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The Agri-Business Sector in Botswana
Although the contribution of the agricultural sector to Botswana’s GDP continues to decrease, reaching only 2.1% in 2017, the sector is the mainstay of the rural economy. World Bank data shows that 42% of Botswana’s population live in rural areas and approximately 70% of rural households depend on subsistence farming for their livelihood. More than 80% of the income of the agricultural sector is derived from livestock, while crop production contributes slightly less than 20%.
Limited Potential for Crop Production
Botswana has several agricultural policies and related instruments that are all based on the National Policy on Agricultural Development (NPAD) currently under review. Its goal is to improve food security at both household and national level and to conserve scarce agricultural and land resources for the future. Despite continued government support for the development and modernisation of the agri-business sector, the growing of crops is still dominated by rain-fed subsistence farming carried out by farmers using traditional farming methods. These are characterised by the limited use of fertiliser and certified seeds, low mechanisation, limited irrigation and low productivity. Even on commercial farms, which are mechanised and use modern inputs such as fertilisers, hybrid seeds and pesticides, the potential for greatly increased crop production is low because of the semi-arid climate, low soil fertility in most areas and recurring drought.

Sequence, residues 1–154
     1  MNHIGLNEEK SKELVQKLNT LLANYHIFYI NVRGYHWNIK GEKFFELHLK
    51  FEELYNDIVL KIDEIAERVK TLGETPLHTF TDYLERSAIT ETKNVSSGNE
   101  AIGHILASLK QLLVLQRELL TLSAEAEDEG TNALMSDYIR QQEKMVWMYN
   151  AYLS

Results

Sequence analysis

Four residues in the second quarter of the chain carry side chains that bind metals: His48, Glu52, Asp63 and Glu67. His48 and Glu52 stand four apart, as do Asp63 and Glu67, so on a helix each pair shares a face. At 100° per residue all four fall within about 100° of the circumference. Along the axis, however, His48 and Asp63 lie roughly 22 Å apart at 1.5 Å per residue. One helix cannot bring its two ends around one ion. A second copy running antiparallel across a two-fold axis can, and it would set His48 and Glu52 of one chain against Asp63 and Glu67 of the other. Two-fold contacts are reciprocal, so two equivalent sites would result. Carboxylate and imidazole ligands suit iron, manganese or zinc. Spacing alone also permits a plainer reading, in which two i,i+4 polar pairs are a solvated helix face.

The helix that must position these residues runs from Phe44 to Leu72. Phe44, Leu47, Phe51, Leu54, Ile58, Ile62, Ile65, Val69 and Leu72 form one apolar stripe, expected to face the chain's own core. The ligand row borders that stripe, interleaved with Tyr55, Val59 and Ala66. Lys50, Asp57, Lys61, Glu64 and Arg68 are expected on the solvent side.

The report on the Agri-Business sector in Botswana discusses horticulture and the growing of crops, government support for the sector, and other factors that influence current and future production. Profiles for five role players are provided including Langdon Organic Farms (Pty) Ltd which trades as Go Fresh! In its greenhouse operations in Gabarone and Maun, 100 tons of fresh produce is cultivated every year. Also profiled is Noka Farm (Pty) Ltd which cultivates only 60 hectares of its total farming area of 157.22 hectares.